Although residential real estate markets have struggled, commercial real estate investments have continued to prosper. Proving an army of doomsayers wrong, real estate mutual funds and real estate investment trusts (REITs) have outperformed the Standard & Poor's 500 for seven consecutive years and could be poised to run their winning streak to eight this year. The average mutual fund investing in real estate-related stocks gained about 33 percent in 2006, topped in performance only by emerging-markets funds, according to Lipper Inc. The three-year annualized return of 25 percent and 10-year annualized return of 15 percent also are impressive.
BUSINESS
By Kevin L. McQuaid and Kevin L. McQuaid,Sun Staff Writer | October 30, 1994
Abraham Rosenthal remembers a time not long ago when he could name virtually all of the nation's real estate investment trusts off the top of his head."
BUSINESS
By Kevin L. McQuaid and Kevin L. McQuaid,SUN STAFF | May 21, 1999
KLNB Inc. announced yesterday that it has expanded into Pennsylvania, becoming the first locally owned commercial real estate brokerage and property management firm to have a presence to the north.The Towson-based firm's entry into Pennsylvania comes as a result of a merger with Campbell Jackson-Cross Realty, a Harrisburg-based brokerage company. The new office, comprising eight real estate brokers and property managers, will be led by Arthur D. Campbell, who formed Campbell Jackson-Cross in 1996.
BUSINESS
By Lorraine Mirabella, The Baltimore Sun | January 7, 2012
Dianna Wilhelm, a developer based in Annapolis Junction, was elected this month to head the Maryland chapter of NAIOP, the National Association of Industrial and Office Properties. Wilhelm serves as president of Wilhelm Business Enterprises, a development company she owns with her husband, Wayne Wilhelm, that builds warehouses, "flex" structures and office buildings. The couple also runs Wilhelm Commercial Builders, a 110-employee commercial construction company that specializes in high-security office buildings.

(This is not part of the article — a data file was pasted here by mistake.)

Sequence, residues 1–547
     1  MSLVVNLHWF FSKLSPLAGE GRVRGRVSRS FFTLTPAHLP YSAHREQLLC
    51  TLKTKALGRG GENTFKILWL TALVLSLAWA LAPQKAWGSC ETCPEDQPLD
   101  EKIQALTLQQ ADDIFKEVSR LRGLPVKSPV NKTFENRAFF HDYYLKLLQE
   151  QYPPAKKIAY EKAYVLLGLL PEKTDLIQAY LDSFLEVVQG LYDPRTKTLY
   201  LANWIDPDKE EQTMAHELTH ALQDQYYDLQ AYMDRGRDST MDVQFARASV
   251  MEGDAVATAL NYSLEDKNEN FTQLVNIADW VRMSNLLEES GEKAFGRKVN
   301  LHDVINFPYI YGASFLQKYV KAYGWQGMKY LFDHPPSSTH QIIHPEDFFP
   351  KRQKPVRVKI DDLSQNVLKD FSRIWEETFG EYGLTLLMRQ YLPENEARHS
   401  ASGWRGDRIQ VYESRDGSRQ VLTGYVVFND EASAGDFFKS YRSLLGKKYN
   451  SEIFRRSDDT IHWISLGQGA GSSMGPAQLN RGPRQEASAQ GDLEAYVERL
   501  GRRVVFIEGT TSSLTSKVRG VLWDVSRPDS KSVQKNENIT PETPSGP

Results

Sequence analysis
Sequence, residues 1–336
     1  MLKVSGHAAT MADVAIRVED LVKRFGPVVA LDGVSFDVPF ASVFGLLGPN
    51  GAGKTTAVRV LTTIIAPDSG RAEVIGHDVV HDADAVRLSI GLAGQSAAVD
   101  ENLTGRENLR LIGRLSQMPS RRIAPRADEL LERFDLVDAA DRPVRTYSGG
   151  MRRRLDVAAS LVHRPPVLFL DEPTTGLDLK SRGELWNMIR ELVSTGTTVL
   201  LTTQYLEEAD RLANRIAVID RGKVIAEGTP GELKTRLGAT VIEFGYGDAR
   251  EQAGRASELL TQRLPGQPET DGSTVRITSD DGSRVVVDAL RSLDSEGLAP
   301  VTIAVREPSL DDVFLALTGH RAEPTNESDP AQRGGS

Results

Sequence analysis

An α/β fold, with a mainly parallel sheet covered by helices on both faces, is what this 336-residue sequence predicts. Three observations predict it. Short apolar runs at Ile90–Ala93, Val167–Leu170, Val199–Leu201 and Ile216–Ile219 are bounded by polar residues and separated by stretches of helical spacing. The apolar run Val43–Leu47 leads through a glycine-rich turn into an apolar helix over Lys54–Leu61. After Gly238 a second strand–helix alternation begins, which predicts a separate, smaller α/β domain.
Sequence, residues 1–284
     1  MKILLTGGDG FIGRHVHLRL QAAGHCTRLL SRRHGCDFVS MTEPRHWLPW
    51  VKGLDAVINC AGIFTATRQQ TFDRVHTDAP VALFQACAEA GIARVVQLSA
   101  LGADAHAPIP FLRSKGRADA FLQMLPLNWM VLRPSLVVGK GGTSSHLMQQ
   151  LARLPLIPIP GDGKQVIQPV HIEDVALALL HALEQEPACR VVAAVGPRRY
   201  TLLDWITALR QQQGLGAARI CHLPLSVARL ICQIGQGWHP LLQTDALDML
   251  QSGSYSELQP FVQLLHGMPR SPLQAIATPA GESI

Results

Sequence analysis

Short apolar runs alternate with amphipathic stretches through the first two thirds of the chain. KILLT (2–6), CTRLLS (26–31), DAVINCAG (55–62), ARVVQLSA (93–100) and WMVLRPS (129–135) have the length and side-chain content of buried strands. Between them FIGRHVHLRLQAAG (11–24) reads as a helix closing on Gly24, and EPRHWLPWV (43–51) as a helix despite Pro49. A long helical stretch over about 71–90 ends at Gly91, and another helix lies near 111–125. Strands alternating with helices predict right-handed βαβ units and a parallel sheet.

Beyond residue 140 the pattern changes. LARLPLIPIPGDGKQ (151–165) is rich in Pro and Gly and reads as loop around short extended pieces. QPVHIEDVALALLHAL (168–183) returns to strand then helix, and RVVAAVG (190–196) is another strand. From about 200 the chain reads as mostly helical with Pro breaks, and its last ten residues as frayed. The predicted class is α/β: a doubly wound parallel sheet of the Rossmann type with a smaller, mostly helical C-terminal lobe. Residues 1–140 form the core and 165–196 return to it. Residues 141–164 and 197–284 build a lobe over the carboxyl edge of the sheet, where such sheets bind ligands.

NEWS
By Frederick N. Rasmussen, The Baltimore Sun and Baltimore Sun reporter | November 11, 2011
Mary Suzanne Beck Keech, a corporate managing director of Studley Inc., a Washington commercial real estate firm, who was also an active alumna of Garrison Forest School, died of cancer Monday at Georgetown University Hospital. The former Catonsville resident had celebrated her 46th birthday last month. The daughter of Rea Keech, a former Buick automobile dealer, and Mary Keech, a Talbots Cross Keys sales associate, Mary Suzanne Beck Keech was born in Baltimore and raised in Catonsville.
BUSINESS
By Lorraine Mirabella, The Baltimore Sun | March 27, 2011
This month, the Baltimore office of Ballard Spahr LLP closed a $460 million real estate deal — the largest U.S. sale of multifamily dwellings outside New York in the past three years, according to commercial real estate industry players. The deal was a coup for the office, which represented the buyer of eight apartment complexes in Maryland and Northern Virginia that contain more than 2,500 units. Marci Gordon, the partner who led Ballard Spahr's team of lawyers during the seven-month negotiation, said the acquisition of the apartment buildings, known as the Magazine Portfolio, by a joint venture of Pantzer Properties and Dune Real Estate Partners showed the strength of rental properties, which have benefited from the continuing slump in the for-sale housing market.
NEWS
By Jacques Kelly, The Baltimore Sun and Baltimore Sun reporter | November 20, 2010
Milton H. "Mickey" Miller, 80, a retired commercial real estate broker and civic leader who ran a successful fundraising campaign for the Peabody Institute, died of congestive heart failure Nov. 12 at Sinai Hospital. The Pikesville resident was 80. Born in Baltimore, he was the son of J. Jefferson Miller, the Hecht department store executive who led downtown Baltimore's urban renewal development in the Charles Center. He was a 1948 Friends School graduate and earned a history degree at the Johns Hopkins University.
HEALTH
By Andrea K. Walker, The Baltimore Sun | September 17, 2010
Mercy Medical Center is converting a former Giant grocery store in Lutherville into a hub where patients can go for lab work, minor surgeries and to visit primary care physicians. Urgent care centers such as Patient First and Doctors Express are taking over retail spaces in high-traffic areas, including where a Roy Rogers fast-food restaurant was once located. And Thomson Reuters this summer opened its first branch dedicated to health care research in Woodlawn office space, where more than two dozen employees will provide data and analysis to the federal government.